Posts Tagged ‘trillium’

Gorgeous Day on Middle Pyramid

The view from the summit was spectacular on this clear day. Looking north we had a clear view of Mt. Hood and even Mt. Saint Helens framed by Coffin Mountain (left) and Bachelor Mountain.

The view from the summit was spectacular on this clear day. Looking north we had a great view of Mt. Hood and even Mt. Saint Helens framed by Coffin Mountain (left) and Bachelor Mountain (right). Trappers Butte is in front on the left.

Cliff penstemon can live in the harshest spots and still look beautiful—much nicer than the ones in my garden, which wouldn't even bloom this year. Three-fingerd Jack is in the background.

Cliff penstemon can survive in the harshest spots and still look beautiful—much nicer than the ones in my garden, which wouldn’t even bloom this year. Three-fingered Jack is in the background, looking east.

After all the super hot weather we’ve been having, it was a glorious weekend, and I was thrilled to get back into the Western Cascades on June 12 with four friends: Nancy Bray, Ginny McVickar, Sheila Klest, and her friend Sherry. I’m going to be leading a short trip to Park Creek during the upcoming NPSO Annual Meeting, which our Emerald Chapter is hosting next month, so I had wanted to take a look at how things were shaping up in the area. I realized I hadn’t been to the Pyramids since 2010 (see Yellow Cliff Paintbrush Still at Middle Pyramid), so, since Park Creek is on the way to the Pyramids trailhead, I figured I could do both. None of my companions had been to the Pyramids Trail before, making it a special trip for them as well.

We really couldn’t have picked a better day. There were few clouds in the sky until late afternoon, and the temperature wasn’t too hot or too cool. As Goldilocks would have said, it was “just right.” The air was much clearer than it had been during the high humidity of the recent heat wave, giving us awesome views at the summit. The foliage was quite lush, and the flowers were also fabulous, with a great many things in their prime.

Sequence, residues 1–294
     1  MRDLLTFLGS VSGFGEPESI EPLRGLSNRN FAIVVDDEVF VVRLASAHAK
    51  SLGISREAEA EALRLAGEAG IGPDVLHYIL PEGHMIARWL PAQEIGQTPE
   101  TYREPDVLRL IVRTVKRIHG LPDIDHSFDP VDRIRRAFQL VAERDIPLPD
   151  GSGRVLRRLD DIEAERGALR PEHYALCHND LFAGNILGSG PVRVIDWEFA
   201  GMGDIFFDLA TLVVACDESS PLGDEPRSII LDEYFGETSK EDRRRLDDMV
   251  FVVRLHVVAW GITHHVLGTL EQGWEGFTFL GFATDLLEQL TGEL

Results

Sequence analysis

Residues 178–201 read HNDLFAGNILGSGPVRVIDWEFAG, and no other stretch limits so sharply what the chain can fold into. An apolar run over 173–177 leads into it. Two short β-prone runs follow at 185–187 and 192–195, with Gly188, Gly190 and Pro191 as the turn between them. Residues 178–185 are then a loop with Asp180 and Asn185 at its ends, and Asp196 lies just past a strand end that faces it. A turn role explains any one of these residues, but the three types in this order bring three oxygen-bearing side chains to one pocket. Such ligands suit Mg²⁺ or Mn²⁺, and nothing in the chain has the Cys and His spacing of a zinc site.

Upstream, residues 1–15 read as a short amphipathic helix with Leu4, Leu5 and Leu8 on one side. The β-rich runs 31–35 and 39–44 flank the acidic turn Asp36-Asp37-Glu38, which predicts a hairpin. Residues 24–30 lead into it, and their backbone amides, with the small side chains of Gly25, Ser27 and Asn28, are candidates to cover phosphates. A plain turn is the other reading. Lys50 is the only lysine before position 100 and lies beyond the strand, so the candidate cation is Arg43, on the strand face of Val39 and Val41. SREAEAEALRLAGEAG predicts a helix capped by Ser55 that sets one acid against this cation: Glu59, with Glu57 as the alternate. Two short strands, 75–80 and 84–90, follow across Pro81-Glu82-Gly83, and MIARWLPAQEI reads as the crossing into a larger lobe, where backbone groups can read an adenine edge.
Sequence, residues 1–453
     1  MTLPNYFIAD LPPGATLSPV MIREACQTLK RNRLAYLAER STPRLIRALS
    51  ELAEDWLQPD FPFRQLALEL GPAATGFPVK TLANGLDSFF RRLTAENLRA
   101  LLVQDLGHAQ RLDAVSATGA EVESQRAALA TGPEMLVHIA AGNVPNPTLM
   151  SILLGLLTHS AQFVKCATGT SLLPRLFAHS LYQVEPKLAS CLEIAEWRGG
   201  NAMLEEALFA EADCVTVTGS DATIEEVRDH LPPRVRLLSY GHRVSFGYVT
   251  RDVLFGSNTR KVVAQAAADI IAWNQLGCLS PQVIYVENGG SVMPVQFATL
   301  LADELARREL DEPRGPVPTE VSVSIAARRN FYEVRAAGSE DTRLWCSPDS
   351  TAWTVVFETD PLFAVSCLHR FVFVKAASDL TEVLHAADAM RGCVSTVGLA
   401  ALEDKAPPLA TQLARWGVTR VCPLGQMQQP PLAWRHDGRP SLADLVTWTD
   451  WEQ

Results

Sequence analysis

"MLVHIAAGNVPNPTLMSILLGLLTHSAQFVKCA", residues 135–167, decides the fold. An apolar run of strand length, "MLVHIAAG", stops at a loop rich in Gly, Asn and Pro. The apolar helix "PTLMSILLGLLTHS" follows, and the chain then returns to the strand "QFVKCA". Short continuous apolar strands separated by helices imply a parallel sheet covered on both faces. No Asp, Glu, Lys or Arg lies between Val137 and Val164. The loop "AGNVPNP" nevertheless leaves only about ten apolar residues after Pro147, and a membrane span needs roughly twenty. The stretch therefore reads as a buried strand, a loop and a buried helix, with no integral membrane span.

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Paintbrushes at Eagles Rest

The masses of western trillium (Trillium ovatum) were fading to a beautiful deep wine color.

Yesterday (May 10), Nancy Bray and I enjoyed the lovely weather by spending a few hours up at Eagles Rest. I was up there both May 5 and May 20 (see Spring Moving Slowly at Eagles Rest) last year, and the blooming was right in the middle of those two trips. That would not be so surprising except that last year the flowers were so far behind because of the cold spring. I guess it really has been damp and cool up until now, so the lower elevations are still later than “normal”. On the other hand, the deep snowpack pushed the higher elevation plants as much as a month late last year. This year, the snow pack has been pretty poor. From the top of Eagles Rest, Mount June could still be seen covered with snow last year on May 20. Yesterday, even with the binoculars, I could only see a touch of snow on the north side of Mt. June. And with the several weeks of dry, sunny weather, we’re having, the mountain bloom shouldn’t be nearly as late as last year. Read the rest of this entry »

Early But Lovely at Eagles Rest

The cool spring has allowed the snow queen to keep blooming well into the much later fairy slipper season.

Yesterday (May 5), Sabine and I spent the afternoon exploring the rocky summit of Eagles Rest. It was exactly five weeks since my previous trip (see Blooming Begins at Eagles Rest), and I wanted to catch the next wave of blooms. The cold, wet, miserable April weather has kept things from moving along as quickly as they might have this time of year, so I figured it would take this long to see a real change. As soon as we stepped into the woods at the beginning of the trail, we we thrilled to see a carpet of trilliums and fairy slippers (Calypso bulbosa) at the peak of their bloom. There were at least 50 of each in a fairly small area. All the trillium were facing south toward the light. Snow queen and evergreen violets were still blooming here as well. The fairy slippers continued all the way up the trail and were even perched on shaded mossy rocks up at the top. This alone was worth the trip. The sun was trying to break through a mostly cloudy day. We weren’t the only ones a little chilled—we saw two separate garter snakes trying to warm up as we headed to the top. Read the rest of this entry »

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